09 Jul, 2022
The Minimum Support price is a form of Government intervention or interference in agricultural activities conducted or decided by the farmers. Under Minimum Support Price, the government tends to decide on a minimum price for certain crops which they are buying from the farmers.
The Government tends to announce the Minimum Support Price at the beginning of the sowing season for a certain number of crops based on recommendations from the Commission for Agricultural Costs and Prices (CACP)
One more policy objective is served by the MSPs. By using them, the government encourages the growth of specific crops, preventing a shortage of India's main grains.
Typically, MSPs establish the standard for agricultural prices for substitute crops as well as the commodities for which they are announced.
The Minimum Support Price was launched or introduced in India in the mid-sixties when India was in food deficit. The government was eager to increase domestic production using green revolution technologies, but it soon became clear that farmers wouldn't plant wheat or paddy kinds that required significant inputs unless a minimum price was guaranteed. In 1966–1967, the MSP for wheat was first set at Rs. 54 per quintal.
The Union government names the MSPs, hence that decision belongs to the government. But the Commission on Agricultural Costs and Prices' recommendations are what the government relies on most when making decisions (CACP).
India's farmers produce a variety of agricultural products all year long, including paddy (rice) in the Kharif season (when sowing occurs in June and harvesting occurs in November) and wheat in the rabi season (in which sowing happens in November and harvesting in March). Farmers typically sell their vegetables in the market. But what if market prices are too low to fairly compensate farmers?
This sometimes occurs if there is a bumper crop that year or if the price of a specific commodity is relatively low on the worldwide market (and as such imports are very cheap). India's farmers would find it difficult to make ends meet in such a situation. In addition to their problems, if farmers stop cultivating due to low prices, it could jeopardize the nation's food security.
Understanding the Minimum Support Price has a particular area of calculation which makes it appear a more realistic and important concept to keep a note of.
The MSP is the rate at which the government purchases the crops from the farmers, and it is determined over the calculation of at least one and a half times the cost of production incurred by the farmers.
According to the Union Budget for 2018–19, MSP would remain at levels of 1.5 times the cost of production.
The Commission for Agricultural Costs and Prices (CACP), a statutory authority that submits separate studies recommending prices for the Kharif and rabi seasons, makes recommendations that are used to determine the MSP twice a year.
When recommending the MSP for a product, the CACP considers several criteria, including the cost of cultivation.
It considers the commodity's supply and demand dynamics, domestic and international market price trends, parity concerning other crops, repercussions for consumers (inflation), the environment (soil and water consumption), and trade agreements between the agricultural and non-agricultural sectors.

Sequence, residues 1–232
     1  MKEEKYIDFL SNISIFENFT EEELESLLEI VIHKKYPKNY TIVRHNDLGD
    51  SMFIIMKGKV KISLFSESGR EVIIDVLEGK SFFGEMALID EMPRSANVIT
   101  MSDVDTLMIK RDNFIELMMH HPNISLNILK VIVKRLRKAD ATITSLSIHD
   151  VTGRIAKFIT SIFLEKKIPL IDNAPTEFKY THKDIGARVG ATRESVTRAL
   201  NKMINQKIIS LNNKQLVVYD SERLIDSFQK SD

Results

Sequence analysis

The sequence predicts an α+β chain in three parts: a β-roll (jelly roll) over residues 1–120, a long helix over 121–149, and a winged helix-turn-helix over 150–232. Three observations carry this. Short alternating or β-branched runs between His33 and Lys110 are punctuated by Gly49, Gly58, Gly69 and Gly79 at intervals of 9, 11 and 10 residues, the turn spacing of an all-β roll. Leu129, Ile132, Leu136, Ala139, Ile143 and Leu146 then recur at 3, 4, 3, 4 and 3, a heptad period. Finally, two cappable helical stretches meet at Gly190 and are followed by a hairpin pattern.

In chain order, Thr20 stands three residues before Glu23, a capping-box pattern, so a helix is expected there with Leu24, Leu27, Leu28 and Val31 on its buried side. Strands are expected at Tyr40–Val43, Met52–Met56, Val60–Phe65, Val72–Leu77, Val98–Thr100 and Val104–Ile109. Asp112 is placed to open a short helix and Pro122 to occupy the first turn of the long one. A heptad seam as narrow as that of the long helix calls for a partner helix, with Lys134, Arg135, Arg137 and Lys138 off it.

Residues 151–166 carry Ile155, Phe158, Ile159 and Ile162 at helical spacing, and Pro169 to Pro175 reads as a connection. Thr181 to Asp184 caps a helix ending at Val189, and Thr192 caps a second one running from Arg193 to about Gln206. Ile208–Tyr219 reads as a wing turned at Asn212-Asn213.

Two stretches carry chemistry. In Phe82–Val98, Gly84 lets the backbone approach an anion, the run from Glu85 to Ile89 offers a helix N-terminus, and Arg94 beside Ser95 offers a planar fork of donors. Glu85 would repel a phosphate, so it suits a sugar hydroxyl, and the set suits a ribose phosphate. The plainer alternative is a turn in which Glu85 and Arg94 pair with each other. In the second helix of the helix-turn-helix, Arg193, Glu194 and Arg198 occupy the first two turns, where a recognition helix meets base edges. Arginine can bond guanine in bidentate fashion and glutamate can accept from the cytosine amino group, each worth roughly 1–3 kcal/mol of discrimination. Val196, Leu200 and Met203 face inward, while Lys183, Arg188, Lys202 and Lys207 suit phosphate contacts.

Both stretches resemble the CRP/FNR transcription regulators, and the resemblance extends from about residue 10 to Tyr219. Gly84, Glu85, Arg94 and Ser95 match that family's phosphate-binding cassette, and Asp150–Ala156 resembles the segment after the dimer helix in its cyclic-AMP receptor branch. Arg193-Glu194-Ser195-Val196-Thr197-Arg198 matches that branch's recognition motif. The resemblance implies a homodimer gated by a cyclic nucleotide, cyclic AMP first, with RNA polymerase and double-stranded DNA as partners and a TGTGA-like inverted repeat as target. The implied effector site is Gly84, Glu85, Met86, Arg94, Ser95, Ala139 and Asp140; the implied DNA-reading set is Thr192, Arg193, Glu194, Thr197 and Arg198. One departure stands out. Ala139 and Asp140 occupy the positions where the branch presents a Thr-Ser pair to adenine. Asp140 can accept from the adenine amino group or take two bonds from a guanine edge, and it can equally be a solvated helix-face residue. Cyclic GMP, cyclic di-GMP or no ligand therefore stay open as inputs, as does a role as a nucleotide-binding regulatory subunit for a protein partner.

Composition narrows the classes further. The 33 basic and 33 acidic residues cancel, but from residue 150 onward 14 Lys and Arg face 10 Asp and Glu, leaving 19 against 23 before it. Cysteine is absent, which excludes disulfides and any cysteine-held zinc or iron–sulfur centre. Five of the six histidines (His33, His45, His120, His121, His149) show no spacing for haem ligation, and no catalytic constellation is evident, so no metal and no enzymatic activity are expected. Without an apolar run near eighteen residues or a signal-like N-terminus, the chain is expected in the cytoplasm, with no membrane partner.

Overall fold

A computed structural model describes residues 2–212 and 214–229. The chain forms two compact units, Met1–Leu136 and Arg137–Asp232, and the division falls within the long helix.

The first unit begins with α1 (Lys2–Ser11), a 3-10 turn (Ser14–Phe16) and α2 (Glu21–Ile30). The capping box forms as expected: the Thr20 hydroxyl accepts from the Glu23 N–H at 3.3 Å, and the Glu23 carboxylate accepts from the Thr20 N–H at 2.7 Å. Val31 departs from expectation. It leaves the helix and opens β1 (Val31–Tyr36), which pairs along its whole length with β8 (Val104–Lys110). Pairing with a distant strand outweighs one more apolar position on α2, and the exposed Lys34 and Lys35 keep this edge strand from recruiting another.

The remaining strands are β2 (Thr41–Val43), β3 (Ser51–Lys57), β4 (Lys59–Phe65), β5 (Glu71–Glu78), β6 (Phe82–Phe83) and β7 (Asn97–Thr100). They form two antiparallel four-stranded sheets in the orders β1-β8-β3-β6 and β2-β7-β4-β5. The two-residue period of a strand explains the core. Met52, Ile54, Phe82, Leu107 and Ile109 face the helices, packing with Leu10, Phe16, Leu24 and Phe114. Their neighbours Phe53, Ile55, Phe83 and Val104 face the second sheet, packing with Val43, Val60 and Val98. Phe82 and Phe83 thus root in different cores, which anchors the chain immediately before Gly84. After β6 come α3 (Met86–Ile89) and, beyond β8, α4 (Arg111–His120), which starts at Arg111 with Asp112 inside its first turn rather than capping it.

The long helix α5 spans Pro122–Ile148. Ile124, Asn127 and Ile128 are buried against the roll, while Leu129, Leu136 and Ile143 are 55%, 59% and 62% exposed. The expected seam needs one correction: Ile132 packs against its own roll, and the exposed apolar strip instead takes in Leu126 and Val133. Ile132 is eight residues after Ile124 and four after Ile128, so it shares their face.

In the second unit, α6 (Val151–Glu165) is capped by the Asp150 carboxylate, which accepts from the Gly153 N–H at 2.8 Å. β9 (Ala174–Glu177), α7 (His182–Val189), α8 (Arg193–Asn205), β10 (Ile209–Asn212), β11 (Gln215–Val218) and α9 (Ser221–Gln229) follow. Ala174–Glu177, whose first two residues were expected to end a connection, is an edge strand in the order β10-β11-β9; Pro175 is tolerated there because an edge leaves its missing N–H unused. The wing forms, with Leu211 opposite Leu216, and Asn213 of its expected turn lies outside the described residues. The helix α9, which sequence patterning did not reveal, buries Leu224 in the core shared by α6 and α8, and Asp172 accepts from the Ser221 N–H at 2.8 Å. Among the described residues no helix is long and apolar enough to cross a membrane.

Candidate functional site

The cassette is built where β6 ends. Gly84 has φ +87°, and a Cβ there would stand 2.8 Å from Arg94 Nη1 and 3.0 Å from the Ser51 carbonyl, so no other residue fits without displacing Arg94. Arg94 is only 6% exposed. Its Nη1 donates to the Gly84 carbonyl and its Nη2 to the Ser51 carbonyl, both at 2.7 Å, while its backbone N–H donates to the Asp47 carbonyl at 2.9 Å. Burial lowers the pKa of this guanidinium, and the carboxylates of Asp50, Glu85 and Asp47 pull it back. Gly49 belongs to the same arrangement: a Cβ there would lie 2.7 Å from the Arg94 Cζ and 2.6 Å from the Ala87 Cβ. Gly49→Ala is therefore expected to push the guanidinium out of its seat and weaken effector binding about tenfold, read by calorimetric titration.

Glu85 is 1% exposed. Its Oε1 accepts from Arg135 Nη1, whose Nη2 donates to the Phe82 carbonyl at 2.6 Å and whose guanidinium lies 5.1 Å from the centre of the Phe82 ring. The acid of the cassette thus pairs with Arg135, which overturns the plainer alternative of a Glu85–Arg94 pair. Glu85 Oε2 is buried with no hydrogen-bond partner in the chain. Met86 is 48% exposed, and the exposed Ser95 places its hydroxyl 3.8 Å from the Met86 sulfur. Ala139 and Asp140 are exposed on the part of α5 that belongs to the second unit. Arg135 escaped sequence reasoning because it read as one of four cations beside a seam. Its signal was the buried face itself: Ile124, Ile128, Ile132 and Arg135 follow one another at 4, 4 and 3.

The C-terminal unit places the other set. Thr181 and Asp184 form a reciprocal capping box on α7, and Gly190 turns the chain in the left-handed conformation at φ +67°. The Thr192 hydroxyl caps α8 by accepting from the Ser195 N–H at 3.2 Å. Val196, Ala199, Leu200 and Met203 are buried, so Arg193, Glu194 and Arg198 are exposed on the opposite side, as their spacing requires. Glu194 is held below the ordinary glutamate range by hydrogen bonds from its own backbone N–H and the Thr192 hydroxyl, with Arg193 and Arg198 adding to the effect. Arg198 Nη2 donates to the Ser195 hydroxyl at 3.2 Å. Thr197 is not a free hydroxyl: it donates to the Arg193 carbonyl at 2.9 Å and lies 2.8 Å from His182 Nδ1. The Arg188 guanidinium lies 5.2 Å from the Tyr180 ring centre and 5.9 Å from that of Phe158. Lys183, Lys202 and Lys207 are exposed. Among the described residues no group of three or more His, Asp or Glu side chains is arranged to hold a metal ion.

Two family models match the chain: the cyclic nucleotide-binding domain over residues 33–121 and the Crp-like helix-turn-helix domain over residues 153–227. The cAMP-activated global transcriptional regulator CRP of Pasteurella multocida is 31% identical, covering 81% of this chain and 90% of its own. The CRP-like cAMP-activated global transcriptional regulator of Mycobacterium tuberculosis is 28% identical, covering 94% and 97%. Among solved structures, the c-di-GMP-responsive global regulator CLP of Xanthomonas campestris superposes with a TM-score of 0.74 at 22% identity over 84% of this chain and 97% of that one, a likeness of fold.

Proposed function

Except for wheat and rice, which the Food Corporation of India actively purchases under the PDS, the main issue with the MSP is a lack of government equipment for the procurement of all crops.
Farmers in states where the government purchases all the last mile grain reap greater benefits, whereas those in states where the government purchases less grain are frequently impacted.
The MSP-based procurement system also relies on intermediaries, commission agents, and APMC representatives, all of whom are difficult for smaller farmers to access.
Problems with disposal: Unlike Niger seed, sesame, or safflower, which cannot be distributed through the public distribution system, cereals and pulses can.
Increased procurement costs would result in higher food grain prices, which would eventually have an impact on the poor.
If the MSP is greater than the going pricing on the international market, it would also influence India's agricultural exports. 11% of all commodity exports are comprised of farm products.
Demands from other sectors: Farmers growing fruits and vegetables, spices, and other crops will seek the same if the Centre passes legislation guaranteeing 100 percent procurement in all 23 crops where MSP is announced.
Seven types of cereals paddy, wheat, maize, bajra, jowar, ragi, and barley
Five types of pulses chana, arhur, urad, moong, and Masur
Seven oilseeds rapeseed, groundnut, soya bean, sunflower, sesamum, safflower, etc.
Four commercial crops are cotton, sugarcane, copra, raw jute
The CACP projects three kinds of production costs for every crop, both at the state and all-India average levels.
‘A2’: Covers all paid-out costs directly incurred by the farmer in cash and kind on seeds, fertilizers, pesticides, hired labor, leased-in land, fuel, irrigation, etc.
‘A2+FL’: Includes A2 plus an imputed value of unpaid family labor.
‘C2’: Includes ‘A2+FL’ along with revenues forgone on owned land (rent) and fixed capital assets (interest).
The MSP serves another purpose too. By using them, the government encourages the growth of specific crops, preventing a shortage of India's main grains. Typically, MSPs establish the standard for agricultural prices for substitute crops as well as the commodities for which they are announced.
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